36)  John Martyn – Solid Air (Remastered)

Sadly I’d never heard any of John Martyn’s music until after he died earlier this year – this remastered version of one of his most popular records was a great starting point. ‘May You Never’, ‘Over The Hill’ and ‘I’d Rather Be The Devil’ are all stand-out tracks and I love his distinctive guitar playing style.

35)  The Acorn – Glory Hope Mountain

Checked this out after a very good set they played at the End Of The Road Festival: intriguing acoustic rock – a bit of a grower.

34)  Cage The Elephant – Cage The Elephant

Brash, noisy, full of energy and highly enjoyable.

33)  Bill Callahan – Sometimes I Wish We Were An Eagle

Love the cover, love the title, love his voice, adore ‘Rococo Zephyr’ and this would have been higher except one or two tracks are a bit too weird for my taste.

32)  Bat For Lashes – Two Suns

Think I need to give this more time, especially as many people have raved about it, but it is a step up from her debut and contains some great moments.

31)  She Keeps Bees – Nests

Another itunes bargain following a sterling closing set at the EOTR Festival, this is well worth checking out. A band to watch out for.

30)  The Decemberists – The Crane Wife

My ultimate discovery of the past year, as regular readers will know, Portland, Oregon’s finest are very much my favourite band these days. This was the first album of theirs I heard and there are a number of outstanding tracks here, such as ‘Crane Wife 3’, ‘The Shankhill Butchers’, ‘O Valencia’ and ‘Yankee Bayonet’. A good starting point for new listeners, but not my favourite, as will become apparent.

29)  The Duke & The King – Nothing Gold Can Stay

Would have been much further up the top 30 if every track had been as good as ‘If You Ever Get Famous’, one of my favourite songs of the year. Sadly, only one or two other tracks come close to matching it, although I suspect this record’s a grower and I need to give it more time. They were fantastic live at the End Of The Road Festival in September when they added a lot more punch and panache to these stripped-down songs.

28)  Conor Oberst & The Mystic Valley Band – Outer South

Any record featuring Conor Oberst’s distinctive vocals and trademark lyrical dexterity is always going to get in my top 30. This year he manages it twice with two different, new bands. Haven’t given this one as much of a listen as The Monsters Of Folk, but a good set of songs as ever.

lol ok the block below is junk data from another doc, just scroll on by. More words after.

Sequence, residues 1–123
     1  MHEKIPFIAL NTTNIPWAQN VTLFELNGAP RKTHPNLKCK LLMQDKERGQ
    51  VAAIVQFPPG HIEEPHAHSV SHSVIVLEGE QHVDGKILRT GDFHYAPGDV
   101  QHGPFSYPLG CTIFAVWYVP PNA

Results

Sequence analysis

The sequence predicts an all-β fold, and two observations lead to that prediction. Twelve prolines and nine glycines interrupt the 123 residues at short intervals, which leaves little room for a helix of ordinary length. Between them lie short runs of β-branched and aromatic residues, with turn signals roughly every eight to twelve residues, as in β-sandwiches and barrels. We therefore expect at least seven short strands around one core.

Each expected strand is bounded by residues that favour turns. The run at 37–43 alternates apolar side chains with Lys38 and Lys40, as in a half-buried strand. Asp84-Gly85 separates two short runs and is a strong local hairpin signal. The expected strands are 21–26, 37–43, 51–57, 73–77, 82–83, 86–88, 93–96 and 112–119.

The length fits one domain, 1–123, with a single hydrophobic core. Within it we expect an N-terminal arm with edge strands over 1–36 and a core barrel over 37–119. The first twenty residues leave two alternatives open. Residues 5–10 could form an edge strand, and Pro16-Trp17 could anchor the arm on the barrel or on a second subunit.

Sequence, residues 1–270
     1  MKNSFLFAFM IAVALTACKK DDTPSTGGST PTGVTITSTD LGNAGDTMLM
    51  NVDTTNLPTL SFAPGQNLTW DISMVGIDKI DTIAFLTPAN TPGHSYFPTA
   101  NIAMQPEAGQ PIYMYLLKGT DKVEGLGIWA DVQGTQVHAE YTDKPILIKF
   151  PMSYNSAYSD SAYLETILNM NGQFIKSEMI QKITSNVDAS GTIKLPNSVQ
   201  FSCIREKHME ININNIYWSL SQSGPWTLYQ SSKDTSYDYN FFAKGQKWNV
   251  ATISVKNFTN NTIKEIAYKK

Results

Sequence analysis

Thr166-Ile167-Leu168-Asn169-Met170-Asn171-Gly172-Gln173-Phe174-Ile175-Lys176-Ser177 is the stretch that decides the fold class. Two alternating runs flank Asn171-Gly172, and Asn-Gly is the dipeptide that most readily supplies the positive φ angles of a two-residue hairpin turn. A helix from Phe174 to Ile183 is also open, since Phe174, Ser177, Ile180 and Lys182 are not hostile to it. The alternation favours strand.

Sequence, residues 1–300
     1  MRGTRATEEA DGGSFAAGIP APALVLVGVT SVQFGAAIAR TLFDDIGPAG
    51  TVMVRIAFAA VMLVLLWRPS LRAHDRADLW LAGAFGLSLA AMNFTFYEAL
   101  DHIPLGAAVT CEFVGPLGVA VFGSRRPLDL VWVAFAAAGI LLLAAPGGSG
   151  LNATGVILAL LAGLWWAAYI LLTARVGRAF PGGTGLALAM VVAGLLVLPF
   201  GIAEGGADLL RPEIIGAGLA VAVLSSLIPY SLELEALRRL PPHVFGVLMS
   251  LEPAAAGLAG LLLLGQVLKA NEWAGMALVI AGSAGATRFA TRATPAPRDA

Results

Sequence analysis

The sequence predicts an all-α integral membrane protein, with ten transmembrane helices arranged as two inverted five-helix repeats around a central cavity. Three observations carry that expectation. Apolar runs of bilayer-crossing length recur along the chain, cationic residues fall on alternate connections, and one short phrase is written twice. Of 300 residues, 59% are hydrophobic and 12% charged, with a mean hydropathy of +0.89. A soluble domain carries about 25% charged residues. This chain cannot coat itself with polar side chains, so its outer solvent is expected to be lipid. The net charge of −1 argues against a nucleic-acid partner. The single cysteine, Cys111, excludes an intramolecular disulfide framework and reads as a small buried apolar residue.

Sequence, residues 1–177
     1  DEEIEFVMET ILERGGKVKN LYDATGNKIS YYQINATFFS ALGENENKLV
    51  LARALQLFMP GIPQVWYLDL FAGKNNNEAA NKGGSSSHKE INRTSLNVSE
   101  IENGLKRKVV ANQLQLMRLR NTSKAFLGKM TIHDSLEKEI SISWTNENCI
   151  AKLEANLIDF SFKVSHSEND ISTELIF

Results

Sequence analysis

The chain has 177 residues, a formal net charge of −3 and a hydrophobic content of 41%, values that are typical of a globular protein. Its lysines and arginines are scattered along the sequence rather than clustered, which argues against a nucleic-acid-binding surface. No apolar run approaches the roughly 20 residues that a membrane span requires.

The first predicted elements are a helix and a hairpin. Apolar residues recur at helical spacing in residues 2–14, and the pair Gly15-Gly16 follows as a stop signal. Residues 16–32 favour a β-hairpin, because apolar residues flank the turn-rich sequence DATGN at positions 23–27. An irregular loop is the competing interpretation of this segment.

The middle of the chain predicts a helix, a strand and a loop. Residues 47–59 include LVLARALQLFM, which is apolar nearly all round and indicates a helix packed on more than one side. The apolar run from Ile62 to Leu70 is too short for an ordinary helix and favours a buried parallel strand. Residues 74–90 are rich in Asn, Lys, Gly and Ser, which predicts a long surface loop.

27)  Regina Spektor – Far

As with so many of the albums in this list, this one started as a speculative Spotify selection, and over the course of several listens to this captivating set of songs and Spektor’s quirkily endearing vocals, I grew too fond of it to only have access to it via my computer. Well worth a listen if you’ve never heard of her before, and not only for her dolphin impression on ‘Folding Chair’ and beat box ending on ‘Eet’.

26)  The Broken family Band – Balls

I discovered this album in the middle of the Summer and just couldn’t stop listening to it. Some of the most acerbic and barbed but hilarious lyrics I’ve ever heard are matched to some of the most beautiful, perky and downright hummable tunes. ‘It’s All Over’ and ‘Alone in the Make-Out Room’ are absolute solid-gold standouts but there really isn’t a bad track here. If you’ve never heard this record, Spotify it immediately!

25)  First Aid Kit – Drunken Trees

OK, so strictly speaking this is an EP, but with 8 tracks and 3 bonus videos on the download version, I think it merits inclusion. One of the acts I’m sad to have missed at The End Of The Road Festival, these Swedish sisters have a great way with harmony, are talented instrumentalists and write their own interesting songs. Having said that, the best track here is their stunning cover of Fleet Foxes’ ‘Tiger Mountain Peasant Song’.